NOW READING Silicone 101: The Good, the Bad, & the Ugly
September 4, 2019

Silicone 101: The Good, the Bad, & the Ugly

They’re in almost every product in your vanity and shower, so they can’t be bad, can they? Or can they? We break it down for you so you can decide.


 

Are you all ready for another edition of Sheryll’s ingredient breakdown? Today, we’re talking about a polarizing ingredient — it’s prevalent in the vast majority of our skincare, but skeptics aren’t sure if it’s actually beneficial.

 

What’s the ingredient? Today, we’re going to be talking all about silicone.

 

What is silicone? What does it do?

 

If you’ve ever slathered a super smooth moisturizer on your skin or silky hair conditioner on your hair, nine times out of 10, it probably has silicone in it. Silicone is an ingredient easily identified on a product list by looking out for words ending in -cone or -siloxane, such as dimethicone and cyclopentasiloxane.

 

One of the most compelling features of a skincare product is its texture and spreadability. Silicones make products easy to spread on our faces and add that silky “slip” to our moisturizers and hair conditioners. They can blur out imperfections and are what can give a moisturizer or serum that super luxurious feeling. They are also in makeup, such as primers, eyeliners, eyeshadows, and foundations.

 

silicone

 

The good 

 

“Natural” skincare purists will say that silicone in your skincare is harmful. The truth is, while silicones are not “natural” (they are synthetic), they do not pose a threat to your skin or the environment.

 

Silicone has gotten a bad rap over the years as one of the major acne causing ingredients. The good news is, this isn’t true. Sure, we (me included) have used a product with silicone and have possibly had a breakout, BUT there are no studies that prove silicone causes acne. They are non-comedogenic, non-irritating, and do not cause or pose any threats to people with sensitive skin.

 

Another myth about silicones is that they don’t allow your pores to “breathe,” which is also false because pores don’t breathe.

 

Silicones don’t and can’t penetrate the skin. Instead, they create a thin, buttery, water-resistant layer over your skin, smoothing out skin texture and protecting it from pollution, dirt, and bacteria. And contrary to popular belief, they DO allow other products to penetrate through this barrier. How? Well, the silicone molecules are quite large, with big spaces in between each molecule. These spaces allow substances like water, vitamin C, any any other ingredients to penetrate through this barrier and deliver their benefits to the skin.

 

The bad

 

Now silicones aren’t without fault. Yes, they make our skincare products feel luxurious on the skin, but they are terrible to remove. This is where double cleansing comes in. One of the reasons why I think people have problems with products containing silicone is that they aren’t washing their faces properly. When silicones are not removed properly (by double cleansing), they can build up on the skin, creating impenetrable layers that cause acne and dull, lifeless skin. The same thing happens to our hair!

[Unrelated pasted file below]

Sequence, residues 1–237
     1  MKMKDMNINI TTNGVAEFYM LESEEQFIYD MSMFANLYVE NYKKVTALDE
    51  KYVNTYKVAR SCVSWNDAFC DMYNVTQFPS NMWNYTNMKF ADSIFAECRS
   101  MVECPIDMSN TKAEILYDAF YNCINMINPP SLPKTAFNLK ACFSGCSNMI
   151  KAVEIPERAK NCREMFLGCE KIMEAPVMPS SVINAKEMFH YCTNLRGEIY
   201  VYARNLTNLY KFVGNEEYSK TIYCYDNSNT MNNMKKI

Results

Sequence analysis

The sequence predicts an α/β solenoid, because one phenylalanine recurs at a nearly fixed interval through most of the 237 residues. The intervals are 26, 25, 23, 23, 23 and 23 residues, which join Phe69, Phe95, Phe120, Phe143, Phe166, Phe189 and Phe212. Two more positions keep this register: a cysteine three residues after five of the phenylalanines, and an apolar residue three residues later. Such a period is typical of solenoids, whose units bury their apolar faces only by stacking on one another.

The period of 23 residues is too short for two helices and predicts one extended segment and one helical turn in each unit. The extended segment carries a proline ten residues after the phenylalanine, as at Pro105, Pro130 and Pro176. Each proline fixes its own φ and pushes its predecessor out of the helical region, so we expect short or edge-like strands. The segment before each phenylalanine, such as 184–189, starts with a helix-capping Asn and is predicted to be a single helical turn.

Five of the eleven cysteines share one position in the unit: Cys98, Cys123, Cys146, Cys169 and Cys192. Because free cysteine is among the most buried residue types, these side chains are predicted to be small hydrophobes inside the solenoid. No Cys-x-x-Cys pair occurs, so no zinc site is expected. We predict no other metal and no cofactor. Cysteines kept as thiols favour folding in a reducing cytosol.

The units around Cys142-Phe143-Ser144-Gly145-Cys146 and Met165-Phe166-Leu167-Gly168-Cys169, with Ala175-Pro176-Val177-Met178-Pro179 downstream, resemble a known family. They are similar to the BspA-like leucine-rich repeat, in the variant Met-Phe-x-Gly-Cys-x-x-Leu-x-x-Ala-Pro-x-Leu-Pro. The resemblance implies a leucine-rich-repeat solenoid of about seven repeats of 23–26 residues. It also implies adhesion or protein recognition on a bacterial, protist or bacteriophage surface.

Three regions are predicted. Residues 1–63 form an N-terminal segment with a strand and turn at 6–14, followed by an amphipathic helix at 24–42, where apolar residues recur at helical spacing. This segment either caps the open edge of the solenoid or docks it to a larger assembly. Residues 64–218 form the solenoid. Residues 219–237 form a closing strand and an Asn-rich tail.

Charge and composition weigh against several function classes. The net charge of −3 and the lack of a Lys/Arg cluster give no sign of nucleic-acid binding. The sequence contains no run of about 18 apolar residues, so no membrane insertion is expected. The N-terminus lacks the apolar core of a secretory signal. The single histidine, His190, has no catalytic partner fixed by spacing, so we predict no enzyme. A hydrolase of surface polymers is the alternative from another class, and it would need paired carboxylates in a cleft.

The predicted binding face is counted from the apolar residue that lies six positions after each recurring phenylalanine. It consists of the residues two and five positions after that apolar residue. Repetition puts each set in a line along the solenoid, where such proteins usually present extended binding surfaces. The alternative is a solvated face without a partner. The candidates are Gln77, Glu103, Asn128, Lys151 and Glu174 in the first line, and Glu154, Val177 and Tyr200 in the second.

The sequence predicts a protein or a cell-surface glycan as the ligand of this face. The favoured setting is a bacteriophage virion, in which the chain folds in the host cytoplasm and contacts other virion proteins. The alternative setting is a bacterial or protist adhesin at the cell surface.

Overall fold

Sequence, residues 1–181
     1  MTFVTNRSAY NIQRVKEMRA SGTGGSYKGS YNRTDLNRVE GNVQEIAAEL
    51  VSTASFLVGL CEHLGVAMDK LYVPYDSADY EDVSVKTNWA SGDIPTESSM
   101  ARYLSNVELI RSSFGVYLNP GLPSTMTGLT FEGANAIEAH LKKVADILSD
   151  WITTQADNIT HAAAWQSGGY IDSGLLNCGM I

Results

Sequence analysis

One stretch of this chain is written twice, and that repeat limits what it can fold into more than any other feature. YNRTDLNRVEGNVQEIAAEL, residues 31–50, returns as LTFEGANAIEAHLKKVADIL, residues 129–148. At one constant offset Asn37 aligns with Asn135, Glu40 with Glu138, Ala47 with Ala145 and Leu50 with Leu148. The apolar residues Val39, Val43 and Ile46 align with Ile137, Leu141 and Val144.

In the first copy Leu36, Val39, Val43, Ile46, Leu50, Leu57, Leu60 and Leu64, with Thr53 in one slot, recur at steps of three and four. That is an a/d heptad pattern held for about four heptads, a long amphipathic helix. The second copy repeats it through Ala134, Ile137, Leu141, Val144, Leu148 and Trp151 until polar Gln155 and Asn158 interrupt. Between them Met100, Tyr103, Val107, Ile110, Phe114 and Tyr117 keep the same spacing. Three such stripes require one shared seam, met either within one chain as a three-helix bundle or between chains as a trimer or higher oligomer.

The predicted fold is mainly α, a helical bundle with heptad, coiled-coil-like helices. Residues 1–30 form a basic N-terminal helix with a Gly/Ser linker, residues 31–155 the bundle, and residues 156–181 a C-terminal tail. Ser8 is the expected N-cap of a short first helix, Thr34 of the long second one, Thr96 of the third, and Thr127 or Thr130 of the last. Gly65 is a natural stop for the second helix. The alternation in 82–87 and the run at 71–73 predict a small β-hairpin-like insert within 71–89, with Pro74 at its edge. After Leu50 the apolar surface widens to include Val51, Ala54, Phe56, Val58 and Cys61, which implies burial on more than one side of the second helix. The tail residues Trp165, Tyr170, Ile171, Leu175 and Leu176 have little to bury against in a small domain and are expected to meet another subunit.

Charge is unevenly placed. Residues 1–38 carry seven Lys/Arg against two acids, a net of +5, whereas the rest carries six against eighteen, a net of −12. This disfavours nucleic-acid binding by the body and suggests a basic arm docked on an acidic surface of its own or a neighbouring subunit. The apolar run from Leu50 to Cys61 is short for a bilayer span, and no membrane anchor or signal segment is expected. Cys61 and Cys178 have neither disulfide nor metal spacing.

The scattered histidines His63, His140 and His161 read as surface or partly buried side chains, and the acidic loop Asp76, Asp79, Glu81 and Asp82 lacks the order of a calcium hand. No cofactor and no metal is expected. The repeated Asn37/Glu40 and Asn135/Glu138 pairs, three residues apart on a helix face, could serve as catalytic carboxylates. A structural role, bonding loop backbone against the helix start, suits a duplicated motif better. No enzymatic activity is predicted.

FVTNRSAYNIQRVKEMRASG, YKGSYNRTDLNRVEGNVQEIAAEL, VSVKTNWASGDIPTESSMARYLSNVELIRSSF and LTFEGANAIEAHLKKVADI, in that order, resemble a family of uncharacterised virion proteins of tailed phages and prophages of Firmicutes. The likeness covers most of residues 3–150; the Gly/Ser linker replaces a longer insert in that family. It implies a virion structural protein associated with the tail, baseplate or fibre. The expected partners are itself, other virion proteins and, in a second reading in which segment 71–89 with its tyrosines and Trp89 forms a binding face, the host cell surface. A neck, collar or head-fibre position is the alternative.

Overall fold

silicone

 

While silicones can smooth and blur out imperfections, they don’t provide any hydrating benefits. If you have dry, dehydrated, or even oily skin, you’re going to want to pay close attention to how high up those silicone ingredients are. Sure, if might feel nice, but if the product isn’t actually providing moisture or hydration to your skin, you might want to avoid it. A solution? Natural oils, such as argan, watermelon seed, or marula with a nice hyaluronic acid serum.

 

The ugly 

 

Some types of silicone can be harmful to the environment. You know, stanning Mother Earth is the cool thing to do now, so if you’re super into making sure the products you use won’t make a huge environmental impact, it’s probably best to steer clear of the ’cones. Silicones are non-biodegradable and non-recyclable.

 

Also, some people with sensitive skin, rosacea, and highly irritated skin should steer clear from products using silicone. Despite it being relatively safe for most skin types, people with sensitive skin can have an adverse reaction to the ingredient.

 

And lastly, silicones can interfere with our precious skin-regenerating abilities. You want to shed those dead skin cells daily, but a buildup of silicone over time can stop this process, resulting in acne and breakouts. This is what people are talking about when they say they get breakouts from silicone. You just gotta make sure you wash your face thoroughly!

 

Do you shy away from silicone? Let me know in the comments!

 

Sheryll Donerson got her start as a beauty writer by writing K-beauty reviews for her blog, The Wanderlust Project. These days, she's lifting heavy weights, eating tacos, drinking (too much) coffee and is 1/4 of the beauty podcast, Beauty Beyond Basics (or Triple Bees for short). You can find her on Instagram and Twitter at @sheryllrenata.

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COMMENTS 1

annapark

I'm definitely not a fan of silicone, especially in mattifying products. I find that they may take away the shine at first, but they definitely don't minimize the oil. And I dislike that slick, suffocating feeling it leaves on my skin. If I see silicone too high on an ingredient list, it's not necessarily a deal breaker but it can be.

I prefer to actually treat my over-oiliness with clay, charcoal, BHA, and other ingredients.

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